3M™ Window Film Ultra Prestige PR-S50 and Ultra S400 have a Notice of Acceptance (NOA)*, applicable for use in the Miami-Dade County.
Miami-Dade County, Florida, has some of the most stringent hurricane protection requirements in the world. 3M designed specific safety films that comply with these requirements. These products have received a component approval for small missile impact rating, as shown under Miami-Dade County, Florida NOA No.13-1022.03*, which is effective until August 25, 2016. For glass that is over 30 feet above grade, shutters are not required to comply with building code requirements in Miami-Dade County if you install 3M™ Window Film Ultra Prestige PR-S50 or Ultra 400 with 3M™ Impact Protection Adhesive according to the terms of 3M's NOA 13-1022.03.
Where installed according to NOA 13-1022.03 3M safety films provide constant protection for building windows—so there is reduced need for costly last minute scrambling to install shutters, all the while maintaining the existing appearance of your building.
*This is a component approval and the films described are to be used only on existing NOA approved windows rated for small missile impact with minimum glass thickness 1/4" tempered and tested per the now obsolete roof gravel rocks impact test. To comply with local codes, follow the requirements in the NOA and meet with your local code official.
The 3M Ultra Advantage
Ultra technology offers up to 42 micro-layers of strong, tear-resistant safety film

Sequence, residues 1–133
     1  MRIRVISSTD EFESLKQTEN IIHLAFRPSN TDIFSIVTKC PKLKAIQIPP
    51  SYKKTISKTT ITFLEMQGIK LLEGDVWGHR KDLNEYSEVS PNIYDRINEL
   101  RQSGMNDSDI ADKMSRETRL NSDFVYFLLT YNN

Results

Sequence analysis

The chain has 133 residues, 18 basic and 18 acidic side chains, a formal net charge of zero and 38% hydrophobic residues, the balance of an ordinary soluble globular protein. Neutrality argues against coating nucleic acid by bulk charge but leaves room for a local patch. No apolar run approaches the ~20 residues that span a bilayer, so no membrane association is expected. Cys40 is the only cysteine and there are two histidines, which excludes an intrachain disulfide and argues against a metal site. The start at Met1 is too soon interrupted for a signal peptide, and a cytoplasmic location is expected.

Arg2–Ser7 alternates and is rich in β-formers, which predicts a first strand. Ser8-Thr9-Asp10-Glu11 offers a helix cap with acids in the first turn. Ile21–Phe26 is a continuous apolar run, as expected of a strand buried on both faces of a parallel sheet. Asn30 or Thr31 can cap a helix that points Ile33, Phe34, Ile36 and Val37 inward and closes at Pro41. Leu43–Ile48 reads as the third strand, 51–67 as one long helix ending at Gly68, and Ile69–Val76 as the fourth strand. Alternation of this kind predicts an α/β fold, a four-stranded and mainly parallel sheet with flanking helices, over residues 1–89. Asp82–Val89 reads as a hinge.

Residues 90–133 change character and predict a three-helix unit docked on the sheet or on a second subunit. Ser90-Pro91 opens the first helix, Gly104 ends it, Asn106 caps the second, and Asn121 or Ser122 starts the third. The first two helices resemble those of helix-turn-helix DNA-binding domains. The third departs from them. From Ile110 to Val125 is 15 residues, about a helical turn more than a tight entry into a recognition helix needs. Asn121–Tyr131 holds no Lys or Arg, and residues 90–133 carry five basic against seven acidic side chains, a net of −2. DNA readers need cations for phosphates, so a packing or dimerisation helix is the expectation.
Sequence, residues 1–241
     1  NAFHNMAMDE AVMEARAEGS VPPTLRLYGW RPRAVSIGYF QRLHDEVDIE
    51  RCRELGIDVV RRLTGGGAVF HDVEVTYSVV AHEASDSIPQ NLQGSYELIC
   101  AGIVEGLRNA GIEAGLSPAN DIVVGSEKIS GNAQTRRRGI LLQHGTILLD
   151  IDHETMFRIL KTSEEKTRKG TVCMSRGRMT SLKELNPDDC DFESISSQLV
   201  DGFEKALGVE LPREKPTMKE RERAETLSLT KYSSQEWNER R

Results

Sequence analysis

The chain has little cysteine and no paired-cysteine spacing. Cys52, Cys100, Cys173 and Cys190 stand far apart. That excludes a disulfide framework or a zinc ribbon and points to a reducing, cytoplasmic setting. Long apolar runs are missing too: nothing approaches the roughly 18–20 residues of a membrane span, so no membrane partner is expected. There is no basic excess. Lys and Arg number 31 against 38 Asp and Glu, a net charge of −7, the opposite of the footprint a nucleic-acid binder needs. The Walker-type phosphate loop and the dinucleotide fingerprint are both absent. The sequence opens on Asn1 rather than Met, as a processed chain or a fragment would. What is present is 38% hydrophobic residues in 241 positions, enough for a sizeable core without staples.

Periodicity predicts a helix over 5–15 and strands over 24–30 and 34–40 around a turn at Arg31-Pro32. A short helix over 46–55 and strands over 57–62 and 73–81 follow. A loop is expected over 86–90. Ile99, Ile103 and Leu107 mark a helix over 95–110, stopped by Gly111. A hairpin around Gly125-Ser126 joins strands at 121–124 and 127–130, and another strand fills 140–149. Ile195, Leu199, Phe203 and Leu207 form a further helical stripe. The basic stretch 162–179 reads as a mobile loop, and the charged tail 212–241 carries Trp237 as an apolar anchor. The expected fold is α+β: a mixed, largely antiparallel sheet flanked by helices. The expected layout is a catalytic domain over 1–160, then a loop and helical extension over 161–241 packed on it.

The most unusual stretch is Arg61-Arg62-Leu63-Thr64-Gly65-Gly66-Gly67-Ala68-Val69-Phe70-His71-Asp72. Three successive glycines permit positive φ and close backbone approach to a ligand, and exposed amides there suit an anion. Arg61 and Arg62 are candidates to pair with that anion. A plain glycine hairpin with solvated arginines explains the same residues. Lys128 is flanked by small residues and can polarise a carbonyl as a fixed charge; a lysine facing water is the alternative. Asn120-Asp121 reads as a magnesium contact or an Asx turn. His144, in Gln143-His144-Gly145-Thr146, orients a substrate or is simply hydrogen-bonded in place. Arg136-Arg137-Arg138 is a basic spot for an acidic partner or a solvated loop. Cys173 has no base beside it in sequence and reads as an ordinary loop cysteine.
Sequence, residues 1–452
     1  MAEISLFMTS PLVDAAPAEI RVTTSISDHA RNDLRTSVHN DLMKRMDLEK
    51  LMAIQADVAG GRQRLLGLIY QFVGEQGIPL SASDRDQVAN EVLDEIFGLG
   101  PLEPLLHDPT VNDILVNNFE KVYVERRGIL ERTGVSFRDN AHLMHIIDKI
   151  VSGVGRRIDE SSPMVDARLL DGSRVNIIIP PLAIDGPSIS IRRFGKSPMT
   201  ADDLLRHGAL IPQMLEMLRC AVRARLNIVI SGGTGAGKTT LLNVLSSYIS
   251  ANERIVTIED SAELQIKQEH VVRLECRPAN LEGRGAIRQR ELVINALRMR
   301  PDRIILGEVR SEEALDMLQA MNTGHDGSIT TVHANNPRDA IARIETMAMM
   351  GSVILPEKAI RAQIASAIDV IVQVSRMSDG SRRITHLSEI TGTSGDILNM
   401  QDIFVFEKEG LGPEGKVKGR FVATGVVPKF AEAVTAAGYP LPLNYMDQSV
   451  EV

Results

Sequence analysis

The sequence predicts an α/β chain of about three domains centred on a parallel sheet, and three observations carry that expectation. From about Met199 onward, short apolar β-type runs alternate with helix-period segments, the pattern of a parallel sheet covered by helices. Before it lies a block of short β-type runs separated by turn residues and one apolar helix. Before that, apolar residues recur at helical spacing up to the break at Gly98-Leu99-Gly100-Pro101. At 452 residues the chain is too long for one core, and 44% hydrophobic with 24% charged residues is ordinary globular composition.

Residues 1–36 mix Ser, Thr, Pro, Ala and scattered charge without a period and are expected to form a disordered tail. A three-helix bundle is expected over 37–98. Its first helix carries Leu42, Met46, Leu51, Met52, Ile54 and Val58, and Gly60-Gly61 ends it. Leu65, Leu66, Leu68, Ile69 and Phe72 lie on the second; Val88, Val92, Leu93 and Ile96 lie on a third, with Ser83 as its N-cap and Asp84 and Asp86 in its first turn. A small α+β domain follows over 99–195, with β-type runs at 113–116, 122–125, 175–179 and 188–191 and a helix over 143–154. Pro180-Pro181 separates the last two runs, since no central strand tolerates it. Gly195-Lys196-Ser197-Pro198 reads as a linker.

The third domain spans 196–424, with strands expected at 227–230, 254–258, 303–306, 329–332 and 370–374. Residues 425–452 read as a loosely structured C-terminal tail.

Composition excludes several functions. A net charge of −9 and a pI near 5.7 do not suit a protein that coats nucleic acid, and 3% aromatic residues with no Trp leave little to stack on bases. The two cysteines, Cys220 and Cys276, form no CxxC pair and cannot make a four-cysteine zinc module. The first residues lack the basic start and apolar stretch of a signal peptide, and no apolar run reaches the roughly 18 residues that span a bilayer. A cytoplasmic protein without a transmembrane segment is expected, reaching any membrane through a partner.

Superior performance over standard polyester films in blast and impact events
Available in clear safety film or with a tinted sun control option
Security, solar and decorative window films can change your view of what window films can do. Solar and tinted window films save valuable energy and increase worker comfort. Security and safety window films provide shatter-resistant protection in severe weather and bomb blasts. Decorative window films add privacy and style within your building.
Now you can provide sun control, UV protection, window tinting and privacy while increasing energy savings. 3M™ Window Films help improve tenant comfort, reduce hot spots and increase window safety in buildings.
Under Florida law (Section 553.842):
A product may not be advertised, sold, offered, provided distributed, or marketed as hurricane, windstorm, or impact protection from wind-borne debris from a hurricane or windstorm unless it is approved pursuant to [statewide approval under s. 553.842(5)] or [local product approval under] s. 553.8425.
Any person who advertises, sells, offers, provides, distributes, or markets a product as hurricane, windstorm, or impact protection from wind-borne debris without such approval is subject to the Florida Deceptive and Unfair Trade Practices Act under part II of chapter 501 brought by the enforcing authority as defined in s. 501.203.
3M does not have a statewide Florida Product approval, but does have a local product approval in Miami-Dade County in accordance with Florida Statute Section 553.8425. See Miami-Dade County tab for details.
Please contact your local code office to determine applicability of 3M's Miami-Dade component approval in your area.
3M is the first window film manufacturer to obtain a Notice of Acceptance in Miami-Dade County for wind storm protection window products.